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Emilie Blackmore Stapp

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Nationality  American
Occupation  Children's author

Name  Emilie Stapp
Died  1962
Emilie Blackmore Stapp

Emilie Blackmore Stapp (1876–1962) was an American children's author and philanthropist whose writing career spanned over 50 years. She was born in Madison, Indiana on July 4, 1876 and died June 29, 1962, in Wiggins, Mississippi where she is buried. Her first book Bread and ‘Lasses: Sketches of Child Life was published in 1902.

Contents

Life

Emilie Stapp's father, David Wilbur Stapp, and her mother, Carrie Blackmore, moved their family which included their oldest daughter Florence, sons Hal and Fred and youngest daughters Emilie and Marie to Des Moines, Iowa in 1883. Following the sudden death of her mother at the age of 50, in 1893, and upon her graduation from high school, Emilie went to work as an associate editor with a weekly newspaper in Des Moines. Soon she found herself hired as editor of the literary page of the Des Moines Capital, the sister newspaper of The Des Moines Register, which served as the daily evening newspaper for the Des Moines area.

In 1902, her first book, Bread and ‘Lasses: Sketches of Child Life was published. This was followed by The Trail of the Go-Hawks in 1908; Uncle Peter-Heathen in 1912; The Squaw Lady in 1913 and Little Billy Bowlegs in 1916.

The Go-Hawks Happy Tribe

In 1913, Stapp founded the Go-Hawks Happy Tribe, a national philanthropic organization which welcomed both boys and girls. The organization similar to today’s Boy Scouts and Girl Scouts, had a membership of over 80,000 children and adults. Membership was open to anyone regardless of race or ethnic background who performed at least one act of kindness per day. “To Make The World A Better Place” was the organization's motto. Two prominent adult members of the “Go-Hawks Tribe” were James Whitcomb Riley, Big Chief of the United States, and Rudyard Kipling, Big Chief of England.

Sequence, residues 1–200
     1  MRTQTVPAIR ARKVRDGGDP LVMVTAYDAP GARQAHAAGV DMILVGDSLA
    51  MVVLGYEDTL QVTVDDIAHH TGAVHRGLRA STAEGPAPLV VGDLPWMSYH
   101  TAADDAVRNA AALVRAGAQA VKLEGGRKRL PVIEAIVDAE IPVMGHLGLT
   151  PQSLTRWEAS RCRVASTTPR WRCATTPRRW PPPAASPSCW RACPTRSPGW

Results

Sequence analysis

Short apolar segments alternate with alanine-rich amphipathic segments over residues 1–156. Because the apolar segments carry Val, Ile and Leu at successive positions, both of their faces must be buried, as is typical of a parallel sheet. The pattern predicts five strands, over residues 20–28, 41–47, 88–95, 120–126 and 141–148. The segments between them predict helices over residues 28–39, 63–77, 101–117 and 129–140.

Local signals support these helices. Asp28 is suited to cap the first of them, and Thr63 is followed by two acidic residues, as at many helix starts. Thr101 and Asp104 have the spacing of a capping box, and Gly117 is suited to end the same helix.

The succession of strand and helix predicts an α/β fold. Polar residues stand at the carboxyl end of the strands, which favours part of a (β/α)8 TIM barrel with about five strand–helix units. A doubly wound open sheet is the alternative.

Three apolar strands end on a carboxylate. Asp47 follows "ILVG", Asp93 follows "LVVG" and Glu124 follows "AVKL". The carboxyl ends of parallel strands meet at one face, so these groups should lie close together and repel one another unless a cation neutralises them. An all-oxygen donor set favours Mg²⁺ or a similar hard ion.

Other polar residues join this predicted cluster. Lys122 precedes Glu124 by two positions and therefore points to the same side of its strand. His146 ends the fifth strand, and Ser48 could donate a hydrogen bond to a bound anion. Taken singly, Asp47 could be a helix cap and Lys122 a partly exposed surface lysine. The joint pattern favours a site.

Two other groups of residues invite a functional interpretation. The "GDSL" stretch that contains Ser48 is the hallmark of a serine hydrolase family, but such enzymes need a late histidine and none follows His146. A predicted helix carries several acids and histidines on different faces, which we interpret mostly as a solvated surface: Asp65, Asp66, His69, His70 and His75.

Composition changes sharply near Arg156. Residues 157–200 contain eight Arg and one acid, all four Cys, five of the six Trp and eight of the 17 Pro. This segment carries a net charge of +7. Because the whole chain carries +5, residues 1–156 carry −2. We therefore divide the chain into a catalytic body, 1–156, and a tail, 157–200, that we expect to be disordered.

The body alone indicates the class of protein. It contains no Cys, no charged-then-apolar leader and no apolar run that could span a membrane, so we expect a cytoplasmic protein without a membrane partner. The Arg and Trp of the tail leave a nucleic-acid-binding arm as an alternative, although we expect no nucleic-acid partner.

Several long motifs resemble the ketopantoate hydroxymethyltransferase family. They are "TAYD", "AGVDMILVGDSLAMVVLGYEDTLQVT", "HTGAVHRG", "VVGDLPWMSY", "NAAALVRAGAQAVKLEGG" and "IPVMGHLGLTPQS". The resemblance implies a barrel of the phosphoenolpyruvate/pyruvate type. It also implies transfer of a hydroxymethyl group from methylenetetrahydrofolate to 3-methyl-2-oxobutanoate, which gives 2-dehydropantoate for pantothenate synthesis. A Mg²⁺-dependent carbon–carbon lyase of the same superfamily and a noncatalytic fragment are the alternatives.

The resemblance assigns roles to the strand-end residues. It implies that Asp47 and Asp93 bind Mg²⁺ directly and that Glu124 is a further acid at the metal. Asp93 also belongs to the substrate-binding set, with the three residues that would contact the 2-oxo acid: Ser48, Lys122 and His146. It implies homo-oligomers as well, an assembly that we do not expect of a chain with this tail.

In her 1914 letter, Stapp asked Riley to be the head of the Go-Hawks Happy Tribe saying; “It seems to be the desire of the children of Indiana that you should be designated Chief of their happy tribe. The Go-Hawks Happy Tribe is composed of good little Indians from 7 to 77 who are discovering that the only real happiness in life lies in service. All over the country children are showing fealty to the tribe by donning the button emblem of service. So here's your button which makes you a member for life. If you are caught without it some young Indian brave or squaw may rise up and scalp you.” Riley replied back, “I am happy to be the chief of both the little children and those with the spirit of little children, even though ‘the golden hair be gray.'" Stapp wrote back, asserting, “I am so glad you have not grown up. Neither have I. You must never tell my employer, nor any of those many publishers who overwhelm me with books for criticism, but I still believe in fairies.”

World War I

In June 1917 with World War I raging in Europe, Stapp mobilized her Go-Hawks Happy Tribe to raise 4,300,892 pennies or $43,008.92 to feed the widows and orphans of Europe. For her extraordinarily compassionate efforts to care of the orphans created by World War I, Emilie Blackmore Stapp was decorated by both the governments of France and Belgium for distinguished service. King Albert I of Belgium presented her with the honor of the Queen Elizabeth Medal for her distinguished, unselfish and loyal service to the people of Belgium. In addition, the government and people of France bestowed upon Stapp, the honor of the French Medal for Distinguished Service for her efforts to feed the orphans and widows of France.

After WWI

In May 1921, Stapp left the Des Moines Capital for a new position as Children’s Editor with the Houghton Mifflin Company in Boston. In Boston, Stapp continued her philanthropic work by forming The World Neighbor Club in 1923, in cooperation with the American Red Cross. The purpose of The World Neighbor Club was to establish relationships with and befriend children of different countries and to create libraries throughout the world where children could learn the English language. In a thank-you letter, a student from The Albanian Vocational School writes to Stapp, “We thank you very much for the kindness you have done the Albanian children, and we thank you also very much for the books you send to us. We will never forget our best friends of America, and we will try to repay these good deeds you are doing.”